Saturday, May 22, 2010

The Vancouver Art Gallery debate is a blank canvas

At 7 p.m. on Thursday, a two-hour symposium was held in the subterranean Robson Square theatre to discuss the burning civic question of, Whither the Vancouver Art Gallery? Two mind-numbing concept-filled hours later, nothing had been settled except I definitely had a headache. For this, I missed 30 Rock.
Here's an important fact about that evening:
It was exactly 46 minutes into the proceedings before one of the five panellists deigned to mention the issue of money, and then only in passing -- which was odd because, as we all know, art is about money.
In this case, the VAG's desire to relocate to the block just east of the Queen Elizabeth Theatre would demand a whack of it, somewhere in the range of $350 million, give or take a king's ransom.
Is such a sum problematic? No, we have been told. A couple weeks ago, developer Michael Audain, chair of the art gallery relocation committee, assured the editorial board of The Sun that raising it was not at all a difficulty; that with the $50 million the provincial government had already promised for a new gallery, and the $40 million the committee had lined up in pledges, the rest could be made up by private donation. Audain travels in rarefied company.
But since then, Europe has filed for Chapter 11, the markets have dropped off the edge of the world, and Audain has started campaigning for the feds to chip in money, too. If Ottawa was willing to buy the votes of arty Torontonians and Montrealers, he reasoned, it was only right it should do the same for Vancouverites. Any pork in a storm, I guess.
All that money does not include the cost of the three acres of land, which, the VAG committee insists, should be donated by the City of Vancouver, which owns it. There is also the matter of a $48-million encumbrance on the property, money devoted to the renovation of the Queen Elizabeth Theatre and money that the city wants to recoup. While the city would surely admit that you can't put a price on the feeling great art inspires, the profit on an office-tower development on prime downtown real estate is another matter. The former is incalculable; the latter makes your bond-rating agency do handstands.
This gap between purposes deserved to be discussed at the symposium: It was not. None of this was brought up by the panellists. Instead, there was talk of "iconic structures" and "public space." There was talk of Vancouver being a "frontier city" as opposed to a city whose cutting-edge artists deserved a space commensurate with their world-renowned talents. Audain even mentioned a recent visit to New York just to view an Henri Cartier-Bresson exhibit at the Museum of Modern Art, a devotion to art with which I, and my bank account, am unaccustomed.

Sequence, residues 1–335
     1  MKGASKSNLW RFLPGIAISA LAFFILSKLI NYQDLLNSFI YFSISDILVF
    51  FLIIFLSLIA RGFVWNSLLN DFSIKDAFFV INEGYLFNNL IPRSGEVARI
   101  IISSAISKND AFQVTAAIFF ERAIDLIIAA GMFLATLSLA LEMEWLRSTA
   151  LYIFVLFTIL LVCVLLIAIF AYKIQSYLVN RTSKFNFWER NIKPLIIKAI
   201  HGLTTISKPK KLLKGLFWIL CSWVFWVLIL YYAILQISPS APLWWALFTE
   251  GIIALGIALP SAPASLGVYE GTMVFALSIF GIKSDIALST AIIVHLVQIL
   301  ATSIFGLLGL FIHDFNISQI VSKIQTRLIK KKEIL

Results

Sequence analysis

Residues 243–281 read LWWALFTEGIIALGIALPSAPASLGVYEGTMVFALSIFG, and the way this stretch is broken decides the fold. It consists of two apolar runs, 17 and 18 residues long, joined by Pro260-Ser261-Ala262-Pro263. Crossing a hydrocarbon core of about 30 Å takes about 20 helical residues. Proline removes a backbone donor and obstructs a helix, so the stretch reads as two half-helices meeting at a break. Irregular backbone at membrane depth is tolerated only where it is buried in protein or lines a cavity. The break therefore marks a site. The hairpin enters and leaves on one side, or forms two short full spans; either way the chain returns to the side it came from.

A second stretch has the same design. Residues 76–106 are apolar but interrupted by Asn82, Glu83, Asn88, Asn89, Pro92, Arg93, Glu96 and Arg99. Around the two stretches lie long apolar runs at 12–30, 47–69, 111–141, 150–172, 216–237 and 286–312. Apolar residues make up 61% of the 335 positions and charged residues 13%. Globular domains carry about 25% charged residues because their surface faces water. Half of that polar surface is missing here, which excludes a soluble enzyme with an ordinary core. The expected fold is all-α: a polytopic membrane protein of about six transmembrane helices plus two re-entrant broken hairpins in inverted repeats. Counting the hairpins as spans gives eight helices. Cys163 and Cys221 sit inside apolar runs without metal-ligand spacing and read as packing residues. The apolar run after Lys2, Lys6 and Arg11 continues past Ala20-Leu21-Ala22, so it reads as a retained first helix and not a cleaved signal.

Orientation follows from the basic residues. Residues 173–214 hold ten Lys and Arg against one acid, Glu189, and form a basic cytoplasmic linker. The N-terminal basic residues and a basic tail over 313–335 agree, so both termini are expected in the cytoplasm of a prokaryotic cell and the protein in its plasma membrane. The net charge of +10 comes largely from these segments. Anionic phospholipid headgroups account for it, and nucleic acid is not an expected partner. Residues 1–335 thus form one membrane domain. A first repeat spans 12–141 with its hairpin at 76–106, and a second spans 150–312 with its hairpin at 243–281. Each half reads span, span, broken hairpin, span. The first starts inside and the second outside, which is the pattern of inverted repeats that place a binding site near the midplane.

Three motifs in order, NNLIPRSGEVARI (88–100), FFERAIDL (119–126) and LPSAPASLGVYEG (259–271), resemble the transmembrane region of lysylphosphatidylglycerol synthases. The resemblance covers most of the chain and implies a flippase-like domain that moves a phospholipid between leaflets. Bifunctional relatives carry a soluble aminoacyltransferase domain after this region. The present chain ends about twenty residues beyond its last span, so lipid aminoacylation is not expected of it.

A city's movers and shakers propel a city forward with the cultural edifices they create, of course, but there was, in all this high talk, a baser and unspoken undercurrent of meaning that seemed to be concerned more with image than with art, and that Vancouver had outgrown not the VAG, but its britches. The VAG wanted to move because it wanted to play with the big boys. The new gallery would be our first real pair of pants.
At the end of the evening, the panel entertained comments from the floor, most of which centred around the should-we-stay-or-should-we-go issue. The sentiments were 50-50. My personal favourite came from Andrew Gruft, professor emeritus with the University of BC school of architecture, who was, true to his name, gruft. Preferring plain English to artspeak, he argued that the gallery should stay where it is, that it should be gutted and expanded outward toward Robson Street. Yes, it would present difficulties, he said, but to move the gallery away from its present location would destroy the city centre's focus.
"The VAG's move to a new location would be tearing out the heart of the city. And why?! People would kill to get in [the old location], and we're going to walk away from it?! Give me a break!"
To be honest, I'm not sure what to think about the idea of the VAG moving. I know what a great art gallery can mean to a city -- in another life I was a member of the Detroit Institute of Arts, a welcome island of enlightenment in the midst of a wrecked city.
But after what they say was several years of spade work, the VAG board and relocation committee have given the public and government nothing to work with except questions.
Funding? Architectural plans? Land costs? The cost of operating a new gallery once it's built? The accommodation of other cultural institutions on the site, such as a mid-sized symphony hall? The draining effect that so huge an investment of public and private donations will have on the city's other, more needy, cultural institutions? The finding of new tenants for the old gallery once the new one has been built?
These unanswered questions betray a sense of entitlement that art and money bring, I think, as if the folks at VAG are telling us that they needn't bother with the hard details. Perhaps they have but aren't saying.
What they have offered, instead, is a blank canvas on which any vision is possible, as long as it's theirs.

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